Knee Pain, Anterior/Patellofemoral Malalignment Syndrome
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- Condition characterized by discomfort at the anterior aspect of the knee that is generally associated with activities, especially those that involve running, jumping, and climbing stairs
- Has also been called “miserable malalignment syndrome”
- Predisposing factors for patellofemoral malalignment syndrome include the following:
- Femoral anteversion
- Genu valgus
- Pes planus
- These three anatomic features have been commonly referred to as a terrible triad contributing to anterior knee pain. Because the entire kinetic chain is linked in function, malalignment at one area can lead to secondary stresses at a distant location.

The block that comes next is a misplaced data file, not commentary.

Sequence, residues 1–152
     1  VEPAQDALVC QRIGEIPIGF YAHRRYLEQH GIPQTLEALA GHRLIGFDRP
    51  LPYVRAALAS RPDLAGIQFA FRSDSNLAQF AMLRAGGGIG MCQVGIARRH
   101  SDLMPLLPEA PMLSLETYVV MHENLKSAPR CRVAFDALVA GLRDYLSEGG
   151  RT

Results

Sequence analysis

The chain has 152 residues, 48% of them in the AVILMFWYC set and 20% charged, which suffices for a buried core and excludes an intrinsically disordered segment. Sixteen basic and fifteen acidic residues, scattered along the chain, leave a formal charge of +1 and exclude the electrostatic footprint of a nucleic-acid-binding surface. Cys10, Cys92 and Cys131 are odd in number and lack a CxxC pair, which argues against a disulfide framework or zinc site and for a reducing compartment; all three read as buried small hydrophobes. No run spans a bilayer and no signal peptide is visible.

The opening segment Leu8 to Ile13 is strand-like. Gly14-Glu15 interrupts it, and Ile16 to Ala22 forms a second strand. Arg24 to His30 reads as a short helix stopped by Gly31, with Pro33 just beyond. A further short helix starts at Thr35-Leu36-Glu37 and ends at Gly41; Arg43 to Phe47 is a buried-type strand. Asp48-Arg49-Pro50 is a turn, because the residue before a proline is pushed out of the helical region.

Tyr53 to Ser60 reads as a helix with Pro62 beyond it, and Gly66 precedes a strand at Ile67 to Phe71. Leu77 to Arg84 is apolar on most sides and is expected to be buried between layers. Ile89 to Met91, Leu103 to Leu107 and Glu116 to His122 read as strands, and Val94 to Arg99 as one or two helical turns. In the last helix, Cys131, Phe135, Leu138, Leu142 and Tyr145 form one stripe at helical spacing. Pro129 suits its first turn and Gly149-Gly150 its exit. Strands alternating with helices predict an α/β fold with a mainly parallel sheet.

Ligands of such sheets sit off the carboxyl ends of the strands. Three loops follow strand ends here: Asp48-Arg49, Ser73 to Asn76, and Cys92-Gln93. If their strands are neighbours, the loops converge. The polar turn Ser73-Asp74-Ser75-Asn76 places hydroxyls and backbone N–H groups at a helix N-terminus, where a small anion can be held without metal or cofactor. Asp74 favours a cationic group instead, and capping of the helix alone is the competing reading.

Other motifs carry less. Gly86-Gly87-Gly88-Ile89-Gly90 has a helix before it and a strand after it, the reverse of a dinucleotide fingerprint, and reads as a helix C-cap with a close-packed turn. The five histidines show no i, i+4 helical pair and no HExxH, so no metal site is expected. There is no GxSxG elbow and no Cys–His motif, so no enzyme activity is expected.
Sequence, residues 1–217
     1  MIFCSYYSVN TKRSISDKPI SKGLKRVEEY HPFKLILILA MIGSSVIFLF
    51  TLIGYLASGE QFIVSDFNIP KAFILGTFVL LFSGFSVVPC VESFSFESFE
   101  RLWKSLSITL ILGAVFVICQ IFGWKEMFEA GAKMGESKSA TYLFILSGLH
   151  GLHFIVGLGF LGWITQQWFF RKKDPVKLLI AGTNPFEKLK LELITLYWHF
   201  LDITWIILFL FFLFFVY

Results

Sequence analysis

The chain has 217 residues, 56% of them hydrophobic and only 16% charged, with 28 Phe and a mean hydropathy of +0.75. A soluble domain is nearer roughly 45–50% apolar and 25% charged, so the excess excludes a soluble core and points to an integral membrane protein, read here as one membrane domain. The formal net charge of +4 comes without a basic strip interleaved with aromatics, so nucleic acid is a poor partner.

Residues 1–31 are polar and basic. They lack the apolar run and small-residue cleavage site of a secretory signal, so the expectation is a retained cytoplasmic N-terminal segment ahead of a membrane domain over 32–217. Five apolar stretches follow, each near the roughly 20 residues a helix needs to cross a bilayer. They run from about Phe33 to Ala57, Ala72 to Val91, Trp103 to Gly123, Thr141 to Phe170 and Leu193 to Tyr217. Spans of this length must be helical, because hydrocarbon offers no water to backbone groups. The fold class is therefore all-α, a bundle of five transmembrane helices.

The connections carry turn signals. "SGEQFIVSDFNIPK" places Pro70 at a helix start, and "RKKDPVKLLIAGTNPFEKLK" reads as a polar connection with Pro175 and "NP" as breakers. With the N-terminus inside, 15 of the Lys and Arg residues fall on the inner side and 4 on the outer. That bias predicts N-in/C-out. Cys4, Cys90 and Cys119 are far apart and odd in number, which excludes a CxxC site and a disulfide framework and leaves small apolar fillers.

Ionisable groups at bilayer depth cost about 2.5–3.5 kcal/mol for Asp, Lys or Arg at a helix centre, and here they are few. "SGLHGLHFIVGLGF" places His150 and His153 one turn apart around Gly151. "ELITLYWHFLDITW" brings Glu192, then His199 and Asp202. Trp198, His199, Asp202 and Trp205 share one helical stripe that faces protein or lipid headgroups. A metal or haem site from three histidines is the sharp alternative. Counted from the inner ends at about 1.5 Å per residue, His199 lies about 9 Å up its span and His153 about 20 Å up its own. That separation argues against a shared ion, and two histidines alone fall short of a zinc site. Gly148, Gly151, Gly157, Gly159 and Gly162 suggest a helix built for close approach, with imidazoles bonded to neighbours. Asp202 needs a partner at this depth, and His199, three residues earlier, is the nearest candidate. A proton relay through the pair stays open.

- Excess femoral anteversion, as well as marked pes planus, can contribute to increased lateral pull on the patella and subsequent patellofemoral pain.
- Further contributing factors include a wider pelvis and a more laterally positioned tibial tubercle, both of which also contribute to altered biomechanics at the knee.
- Weak hip abductors and quadriceps muscles and tight hamstrings, iliotibial band, Achilles tendons, and quadriceps can lead to increased forces across the patellofemoral joint.